There is truly something special about the friends I have made over years while at sea.
You have to imagine that you are stuck in a floating house with people you don't know. People from all over the world, many whom have never met, are brought together to achieve the same objective. It's kind of like the TV reality show "Big Brother," but without the backstabbing, cunning alliances, or a big cash prize at the end.
Emotions run the gamut out here, like the longing as a result of being away from the ones you love for a long time, or a hard-to-ignore urge of wanting to wring a shipmate's neck because they got under your skin. People fall in and out of love. And at times, the Capitan may even get to perform a wedding ceremony. But above all, the friendships that are forged seem to be the overall winners.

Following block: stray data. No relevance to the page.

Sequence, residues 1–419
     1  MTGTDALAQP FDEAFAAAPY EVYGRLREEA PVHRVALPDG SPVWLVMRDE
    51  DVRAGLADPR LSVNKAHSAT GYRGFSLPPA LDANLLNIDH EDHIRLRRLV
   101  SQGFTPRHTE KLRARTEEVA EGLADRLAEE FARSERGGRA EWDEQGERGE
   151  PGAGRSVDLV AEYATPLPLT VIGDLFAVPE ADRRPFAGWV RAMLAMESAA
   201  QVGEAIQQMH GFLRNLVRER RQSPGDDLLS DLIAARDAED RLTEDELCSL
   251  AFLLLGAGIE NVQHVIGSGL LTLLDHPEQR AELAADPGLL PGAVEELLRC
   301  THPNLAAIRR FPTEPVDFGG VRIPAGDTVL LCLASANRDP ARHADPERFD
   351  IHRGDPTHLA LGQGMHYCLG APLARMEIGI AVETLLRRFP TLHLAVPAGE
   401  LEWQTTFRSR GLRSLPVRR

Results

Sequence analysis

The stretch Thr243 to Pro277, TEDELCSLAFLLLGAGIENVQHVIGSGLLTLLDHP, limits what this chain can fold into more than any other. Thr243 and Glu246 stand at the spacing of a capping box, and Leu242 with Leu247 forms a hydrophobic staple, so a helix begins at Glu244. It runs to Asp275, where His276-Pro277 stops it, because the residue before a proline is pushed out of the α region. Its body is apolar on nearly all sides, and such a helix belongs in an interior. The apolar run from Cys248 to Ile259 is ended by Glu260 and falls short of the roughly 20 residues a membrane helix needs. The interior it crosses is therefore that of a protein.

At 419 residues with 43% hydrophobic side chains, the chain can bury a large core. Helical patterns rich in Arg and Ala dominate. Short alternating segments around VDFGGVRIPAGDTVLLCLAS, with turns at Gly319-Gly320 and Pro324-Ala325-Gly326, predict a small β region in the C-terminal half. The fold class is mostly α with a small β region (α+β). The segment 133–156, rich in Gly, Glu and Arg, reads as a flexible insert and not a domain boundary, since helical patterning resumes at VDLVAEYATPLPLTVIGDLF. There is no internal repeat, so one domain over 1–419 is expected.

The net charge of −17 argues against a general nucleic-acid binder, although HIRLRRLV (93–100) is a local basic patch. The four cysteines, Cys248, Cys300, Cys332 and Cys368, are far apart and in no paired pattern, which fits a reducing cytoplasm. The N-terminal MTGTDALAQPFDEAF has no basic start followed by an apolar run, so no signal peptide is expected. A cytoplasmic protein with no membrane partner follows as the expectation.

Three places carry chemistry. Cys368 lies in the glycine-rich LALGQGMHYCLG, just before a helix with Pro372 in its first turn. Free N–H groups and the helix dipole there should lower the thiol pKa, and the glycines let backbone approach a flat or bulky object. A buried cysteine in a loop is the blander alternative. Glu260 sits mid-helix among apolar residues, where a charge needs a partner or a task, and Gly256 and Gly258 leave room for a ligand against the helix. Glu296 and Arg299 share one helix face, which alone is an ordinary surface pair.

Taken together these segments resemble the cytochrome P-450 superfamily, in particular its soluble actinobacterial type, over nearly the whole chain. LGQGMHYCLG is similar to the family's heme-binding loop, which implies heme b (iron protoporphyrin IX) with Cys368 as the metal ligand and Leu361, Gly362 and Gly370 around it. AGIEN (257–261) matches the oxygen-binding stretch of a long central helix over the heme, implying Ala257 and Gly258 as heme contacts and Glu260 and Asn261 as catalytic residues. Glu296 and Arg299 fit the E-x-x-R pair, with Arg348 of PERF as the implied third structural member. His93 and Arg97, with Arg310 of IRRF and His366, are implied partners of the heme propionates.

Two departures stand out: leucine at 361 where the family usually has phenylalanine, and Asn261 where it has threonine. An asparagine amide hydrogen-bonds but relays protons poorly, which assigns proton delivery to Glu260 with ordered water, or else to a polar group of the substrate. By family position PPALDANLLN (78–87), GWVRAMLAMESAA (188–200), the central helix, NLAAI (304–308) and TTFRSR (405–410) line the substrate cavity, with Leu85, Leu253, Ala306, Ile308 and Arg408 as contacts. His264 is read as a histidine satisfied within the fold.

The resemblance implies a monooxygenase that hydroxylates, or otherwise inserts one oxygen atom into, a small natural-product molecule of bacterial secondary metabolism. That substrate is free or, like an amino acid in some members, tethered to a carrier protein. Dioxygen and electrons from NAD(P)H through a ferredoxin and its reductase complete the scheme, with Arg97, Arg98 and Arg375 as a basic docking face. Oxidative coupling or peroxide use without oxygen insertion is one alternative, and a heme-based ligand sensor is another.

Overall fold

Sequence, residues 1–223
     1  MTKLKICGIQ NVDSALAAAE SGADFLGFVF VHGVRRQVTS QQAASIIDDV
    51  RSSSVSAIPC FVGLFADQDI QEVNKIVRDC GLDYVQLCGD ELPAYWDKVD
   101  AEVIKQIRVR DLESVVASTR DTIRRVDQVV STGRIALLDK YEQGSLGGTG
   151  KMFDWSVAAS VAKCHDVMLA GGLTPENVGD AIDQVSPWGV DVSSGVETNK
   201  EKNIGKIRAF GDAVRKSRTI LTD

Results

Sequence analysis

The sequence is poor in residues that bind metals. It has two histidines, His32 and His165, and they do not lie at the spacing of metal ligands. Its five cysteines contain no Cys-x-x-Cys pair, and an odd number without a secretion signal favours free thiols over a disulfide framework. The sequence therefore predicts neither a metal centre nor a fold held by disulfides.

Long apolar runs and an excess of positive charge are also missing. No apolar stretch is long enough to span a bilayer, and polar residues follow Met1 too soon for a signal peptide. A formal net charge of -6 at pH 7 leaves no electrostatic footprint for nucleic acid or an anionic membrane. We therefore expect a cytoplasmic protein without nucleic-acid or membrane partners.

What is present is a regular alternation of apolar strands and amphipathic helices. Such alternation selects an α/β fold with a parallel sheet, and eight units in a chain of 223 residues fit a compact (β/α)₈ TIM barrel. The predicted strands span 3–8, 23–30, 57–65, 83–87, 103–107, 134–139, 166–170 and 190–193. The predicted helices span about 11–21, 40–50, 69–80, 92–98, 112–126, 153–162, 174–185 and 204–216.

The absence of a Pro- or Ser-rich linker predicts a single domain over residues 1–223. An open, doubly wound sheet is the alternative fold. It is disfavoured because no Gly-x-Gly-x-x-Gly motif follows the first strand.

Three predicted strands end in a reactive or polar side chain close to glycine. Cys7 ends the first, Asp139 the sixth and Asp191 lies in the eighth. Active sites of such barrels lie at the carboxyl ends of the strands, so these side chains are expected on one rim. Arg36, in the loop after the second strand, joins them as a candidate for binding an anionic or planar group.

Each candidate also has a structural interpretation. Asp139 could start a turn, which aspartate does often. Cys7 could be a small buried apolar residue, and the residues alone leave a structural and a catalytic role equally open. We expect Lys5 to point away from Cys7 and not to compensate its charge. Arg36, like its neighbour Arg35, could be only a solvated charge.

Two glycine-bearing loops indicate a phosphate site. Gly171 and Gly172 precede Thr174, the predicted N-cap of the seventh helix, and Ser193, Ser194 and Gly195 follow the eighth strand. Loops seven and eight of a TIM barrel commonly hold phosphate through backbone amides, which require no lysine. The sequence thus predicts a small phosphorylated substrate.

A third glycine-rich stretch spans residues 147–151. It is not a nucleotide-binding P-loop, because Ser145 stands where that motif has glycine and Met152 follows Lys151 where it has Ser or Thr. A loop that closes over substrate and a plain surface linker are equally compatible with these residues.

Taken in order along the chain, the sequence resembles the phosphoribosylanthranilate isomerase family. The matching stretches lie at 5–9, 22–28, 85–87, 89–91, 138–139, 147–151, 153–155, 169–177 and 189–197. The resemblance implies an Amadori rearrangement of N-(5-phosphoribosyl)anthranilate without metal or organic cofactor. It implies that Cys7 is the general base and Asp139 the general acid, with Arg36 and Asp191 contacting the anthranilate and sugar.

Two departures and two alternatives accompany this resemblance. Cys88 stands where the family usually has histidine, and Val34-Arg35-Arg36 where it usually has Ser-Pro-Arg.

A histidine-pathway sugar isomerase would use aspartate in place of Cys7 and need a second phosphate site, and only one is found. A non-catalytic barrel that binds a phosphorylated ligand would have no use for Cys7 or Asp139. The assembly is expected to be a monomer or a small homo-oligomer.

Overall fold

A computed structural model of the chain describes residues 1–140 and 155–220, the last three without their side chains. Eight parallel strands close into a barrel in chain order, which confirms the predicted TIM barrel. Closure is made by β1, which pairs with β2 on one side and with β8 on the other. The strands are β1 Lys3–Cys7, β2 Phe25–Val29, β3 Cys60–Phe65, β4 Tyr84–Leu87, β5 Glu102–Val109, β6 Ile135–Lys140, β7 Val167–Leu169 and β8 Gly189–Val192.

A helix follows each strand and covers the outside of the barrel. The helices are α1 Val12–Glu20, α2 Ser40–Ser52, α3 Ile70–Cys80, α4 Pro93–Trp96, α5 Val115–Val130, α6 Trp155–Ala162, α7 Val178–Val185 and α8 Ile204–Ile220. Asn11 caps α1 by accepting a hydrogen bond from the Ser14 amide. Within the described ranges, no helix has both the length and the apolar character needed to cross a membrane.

So, why did I call this "temporary lifelong friends (a true oxymoron)"? Because when you find someone on board with whom you really click, you usually hangout with them and learn all you can about each other. You'll eat meals together and spend time together. In short, a strong bond is created in a relatively short period of time. However, when the project is finished everyone goes back to his or her own part of the world. Business cards, phone numbers, and e-mail addresses are exchanged. Hugs, tears, and salutations are shared with a friend you may never see again. However, you know deep in your heart, that if or when you meet again that the friendship will pick-up where it left off, with hugs and that warm fuzzy feeling. Therefore, this flash-in-the-pan friendship will kindle throughout your life.